This book employs the realm of English Language Teaching (ELT) as a discursive point of departure to explore how individuals, groups, entities and institutions apprehend, embrace, deal with, manipulate, problematize and resist glocal flows of people, ideas, information, goods, and technology. It apprehends and attends to tensions arising from the fluidly local-global construction and negotiation of borders of identity and interaction within a diverse array of contexts and English education therein. These tensions, whether conceptual or pedagogical, may arise in and through governmental and institutional policymaking, teacher training, or curriculum and materials development, and in the learning experience both within and beyond the classroom, as teachers and students engage with course content and each other.
|Series:||Intercultural Communication and Language Education|
|Edition description:||Softcover reprint of the original 1st ed. 2018|
|Product dimensions:||6.10(w) x 9.25(h) x (d)|
About the Author
Ali Fuad Selvi (PhD, University of Maryland) is an Assistant Professor of TESOL and Applied Linguistics and the Chair of the Teaching English as a Foreign Language program at Middle East Technical University, Northern Cyprus Campus. His research interests include the sociolinguistics of English as an international language and its implications for language learning, teaching, teacher education and language policy/planning; issues related to (in)equity, marginalization, discrimination and professionalism in TESOL; and second language teacher education. He is the Past Chair of the NNEST Interest Section in TESOL International Association.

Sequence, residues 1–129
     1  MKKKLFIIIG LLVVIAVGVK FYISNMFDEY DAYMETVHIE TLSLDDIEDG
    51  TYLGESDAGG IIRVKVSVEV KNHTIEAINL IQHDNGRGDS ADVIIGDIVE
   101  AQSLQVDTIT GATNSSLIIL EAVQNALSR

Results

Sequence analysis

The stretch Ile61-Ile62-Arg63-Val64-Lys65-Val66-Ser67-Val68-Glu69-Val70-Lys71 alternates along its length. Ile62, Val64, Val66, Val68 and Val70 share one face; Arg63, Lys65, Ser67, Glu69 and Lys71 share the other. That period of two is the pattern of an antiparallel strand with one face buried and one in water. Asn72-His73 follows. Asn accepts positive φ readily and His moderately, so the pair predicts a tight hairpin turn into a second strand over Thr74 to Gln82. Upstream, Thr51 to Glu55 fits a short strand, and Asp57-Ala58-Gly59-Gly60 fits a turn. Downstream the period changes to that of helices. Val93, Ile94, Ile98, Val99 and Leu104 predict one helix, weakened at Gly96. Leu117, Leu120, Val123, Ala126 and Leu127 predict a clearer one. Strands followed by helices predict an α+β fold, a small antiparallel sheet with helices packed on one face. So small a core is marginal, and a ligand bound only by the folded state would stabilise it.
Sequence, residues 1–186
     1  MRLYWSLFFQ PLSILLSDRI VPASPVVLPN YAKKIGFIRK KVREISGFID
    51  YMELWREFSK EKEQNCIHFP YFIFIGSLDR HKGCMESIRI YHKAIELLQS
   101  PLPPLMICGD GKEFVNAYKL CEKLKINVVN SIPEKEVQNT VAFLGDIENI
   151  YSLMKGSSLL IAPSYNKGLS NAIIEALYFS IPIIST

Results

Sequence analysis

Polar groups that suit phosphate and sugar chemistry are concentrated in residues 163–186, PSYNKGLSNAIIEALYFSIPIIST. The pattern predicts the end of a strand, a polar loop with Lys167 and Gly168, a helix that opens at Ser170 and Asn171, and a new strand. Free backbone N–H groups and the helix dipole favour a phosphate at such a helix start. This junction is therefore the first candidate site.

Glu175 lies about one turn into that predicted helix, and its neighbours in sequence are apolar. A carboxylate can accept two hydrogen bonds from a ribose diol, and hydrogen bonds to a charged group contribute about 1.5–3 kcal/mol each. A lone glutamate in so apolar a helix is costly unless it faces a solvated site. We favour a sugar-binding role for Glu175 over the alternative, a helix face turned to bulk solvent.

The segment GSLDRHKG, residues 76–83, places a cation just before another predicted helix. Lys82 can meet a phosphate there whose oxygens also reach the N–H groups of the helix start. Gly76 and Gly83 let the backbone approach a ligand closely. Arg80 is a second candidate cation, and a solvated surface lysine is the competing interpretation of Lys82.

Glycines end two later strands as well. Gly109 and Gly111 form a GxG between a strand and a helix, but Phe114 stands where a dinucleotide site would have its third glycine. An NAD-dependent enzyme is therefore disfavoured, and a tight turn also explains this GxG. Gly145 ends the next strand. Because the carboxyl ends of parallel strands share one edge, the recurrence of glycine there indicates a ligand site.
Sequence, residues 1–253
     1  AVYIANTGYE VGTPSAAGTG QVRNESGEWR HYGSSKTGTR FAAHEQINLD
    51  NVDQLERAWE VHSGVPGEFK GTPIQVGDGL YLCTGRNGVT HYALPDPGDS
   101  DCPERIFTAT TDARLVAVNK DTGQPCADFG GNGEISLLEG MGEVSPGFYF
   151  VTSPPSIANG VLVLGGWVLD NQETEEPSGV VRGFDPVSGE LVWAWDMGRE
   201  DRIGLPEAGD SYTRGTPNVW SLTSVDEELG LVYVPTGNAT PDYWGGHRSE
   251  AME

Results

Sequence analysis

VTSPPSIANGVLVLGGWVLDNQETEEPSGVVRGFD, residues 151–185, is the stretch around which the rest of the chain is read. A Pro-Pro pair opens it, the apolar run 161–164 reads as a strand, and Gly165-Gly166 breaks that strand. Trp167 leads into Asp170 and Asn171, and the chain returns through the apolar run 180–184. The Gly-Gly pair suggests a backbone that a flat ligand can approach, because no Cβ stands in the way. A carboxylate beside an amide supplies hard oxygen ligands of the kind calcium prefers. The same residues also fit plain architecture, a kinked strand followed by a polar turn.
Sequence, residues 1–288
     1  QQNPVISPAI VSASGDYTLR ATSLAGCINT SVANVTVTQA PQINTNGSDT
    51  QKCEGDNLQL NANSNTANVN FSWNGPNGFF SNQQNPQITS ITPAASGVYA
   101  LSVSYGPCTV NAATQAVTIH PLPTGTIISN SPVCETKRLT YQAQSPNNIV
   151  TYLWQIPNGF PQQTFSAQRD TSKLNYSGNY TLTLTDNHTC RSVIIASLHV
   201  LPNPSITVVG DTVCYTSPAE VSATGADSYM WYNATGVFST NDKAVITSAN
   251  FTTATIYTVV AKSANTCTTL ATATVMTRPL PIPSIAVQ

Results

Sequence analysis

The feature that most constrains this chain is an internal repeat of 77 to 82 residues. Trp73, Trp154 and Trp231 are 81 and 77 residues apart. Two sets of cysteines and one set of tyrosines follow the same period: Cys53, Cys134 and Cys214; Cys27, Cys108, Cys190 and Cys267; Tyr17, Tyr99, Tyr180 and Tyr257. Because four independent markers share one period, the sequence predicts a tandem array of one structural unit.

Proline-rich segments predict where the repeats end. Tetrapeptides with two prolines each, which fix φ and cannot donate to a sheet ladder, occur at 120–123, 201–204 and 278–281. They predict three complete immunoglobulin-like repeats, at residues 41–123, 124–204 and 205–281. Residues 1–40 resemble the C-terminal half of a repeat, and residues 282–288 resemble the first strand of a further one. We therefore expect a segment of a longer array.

Nathanael Rudolph (PhD, University of Maryland) is an Associate Professor of TESOL and Applied Linguistics in the Department of English at Mukogawa Women’s University, in Nishinomiya, Hyogo, Japan. In and through his research and teaching, Nathanael advocates contextualized education that critically and practically accounts for and celebrates hybridity and diversity, in terms of identity and interaction. His specific interests relate to postmodern and poststructural approaches to teacher and learner identity, (in)equity in the field of ELT, and approaches to teacher education and classroom practice that challenge essentialized and idealized (non)nativeness.;klio;io;iol.
Table of ContentsIntroduction: Conceptualizing and Approaching "Education for Glocal Interaction".- Part I Global Tensions: Negotiation and Construction of Education Attending to the Local and Glocal.- Teaching Foreign Language in the Glocal Contact Zone: The Case of France and China.- Haiti's Language in Education Policy: Conflicting Discourses at Local Level.- A Glocalized or Globalized Edition? Contextualizing Gender Representation in EFL Textbooks in Saudi Arabia: A Critical Discourse Analysis Perspective.- ELF-aware Pre-Service Teacher Education Promoting Future English Language Teachers' Construction of Professional Identities in Turkey.- Glocal Experiences in your own Backyard: Teacher Candidates Developing Understanding of Equity, Diversity, and Social Justice.- Part II Attending to the Contextualized, Glocal Negotiations of Identity and Instruction in Approaches to the "Classroom".- Co-Producing Glocal Knowledge: Possibilities of International Education Courses in Japan.- Education for Glocal Interaction Beyond Essentialization and Idealization: Classroom Explorations and Negotiations.- Complementary and Contradictory Vissions of Epistemic Justice in World Englishes Graduate Seminars: A Dialog.- Local Languages as a Resource in (Language) Education.- Contexts of English Language Teaching as Glocal Spaces.- Afterword.